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It’s Giveaway Time!


To celebrate the upcoming release of my second novel, All The Colours In Between, I’m having a giveaway competition over on Goodreads. To be in with a chance of winning a signed, first edition, simply click on the link and enter. It’s as easy as that! Open to US, CA, AU and GB. Closes on October 26, 2017. Good luck!

Goodreads Book Giveaway

All The Colours In Between by Eva Jordan

All The Colours In Between

by Eva Jordan

Giveaway ends October 26, 2017.

See the giveaway details
at Goodreads.

Enter Giveaway

 

The Essence of Dunkirk

 

 

Code-named Operation Dynamo, the Dunkirk evacuation (also known as the Miracle of Dunkirk) was the evacuation of Allied soldiers from the beaches and harbour of Dunkirk, in the north of France, between 26 May and 4 June 1940. As a keen enthusiast of history with a Great Uncle who numbered one of the 330,000 safely evacuated from Dunkirk during WWII, I was curious to see film director, Christopher Nolan’s take on the subject. Nolan is famous for films such as The Dark Knight, Inception and Interstellar but Dunkirk is his first historical movie and with an all star cast including, Tom Hardy, Benedict Cumberpatch, Cillian Murphy, Mark Rylance, Kenneth Branagh, not to mention boy band, One Direction’s very own Harry Styles, I was expecting a lot. I’m pleased to say I wasn’t disappointed. And, on the whole, the film appears to have been well received and has clocked up some rave reviews.

However, as with music, art, and books, films are subjective. You can’t please everyone so naturally there have been a few negative reviews and some general criticisms, mostly aimed at some of the film’s general historical inaccuracies. For example, there are Messerschmitt Bf 109 planes featured in dogfights with British Spitfire planes. In the film, the German planes have yellow noses but in reality, the planes were not painted yellow until about a month after Dunkirk. The film also fails to include some of the Indian troops present at the time and there is also, which I must admit I am a bit miffed about, a general exclusion of women, save for the odd stereotypical role where they are providing tea for the homecoming menfolk. In real life, female Auxiliary Territorial Service telephonists (who received two-thirds of a male soldier’s pay) were some of the last military personnel to leave the beach. There also appears to be a distinct lack of the many so-called “little ships”. These were a wide variety of small vessels from all over the south of England including car ferries, pleasure craft, Thames vessels, and speedboats, pressed into service to aid in the Dunkirk evacuation. Nonetheless, I can forgive Nolan and here’s why.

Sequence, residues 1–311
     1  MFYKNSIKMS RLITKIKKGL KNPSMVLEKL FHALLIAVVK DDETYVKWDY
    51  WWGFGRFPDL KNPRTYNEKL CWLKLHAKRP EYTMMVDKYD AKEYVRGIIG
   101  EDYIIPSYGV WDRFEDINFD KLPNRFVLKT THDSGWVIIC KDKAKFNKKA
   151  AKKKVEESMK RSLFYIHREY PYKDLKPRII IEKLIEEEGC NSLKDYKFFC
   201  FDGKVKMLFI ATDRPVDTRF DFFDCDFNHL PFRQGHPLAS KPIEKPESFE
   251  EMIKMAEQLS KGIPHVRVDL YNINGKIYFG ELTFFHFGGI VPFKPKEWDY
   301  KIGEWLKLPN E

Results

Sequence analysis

Dunkirk is not a conventional war film; there is very little character development, limited dialogue and no love story. If you’re expecting context and historical accuracy, you will be disappointed. However, if you want a brief glimpse of how it must have ‘felt’ to be present on the beaches of Dunkirk in the north of France between 26 May – 4 June 1940, then this film is a must see. The nemesis of Dunkirk was time and through Nolan’s breath taking cinematography and the brilliant accompanying musical score by composer, Hans Zimmerman, cinemagoers experience the stomach churning anticipation of attack, the waiting, the cold, the fear, the bravery, the hunger, and the loss. Nolan, if you like, captures the essence of the moment of Dunkirk.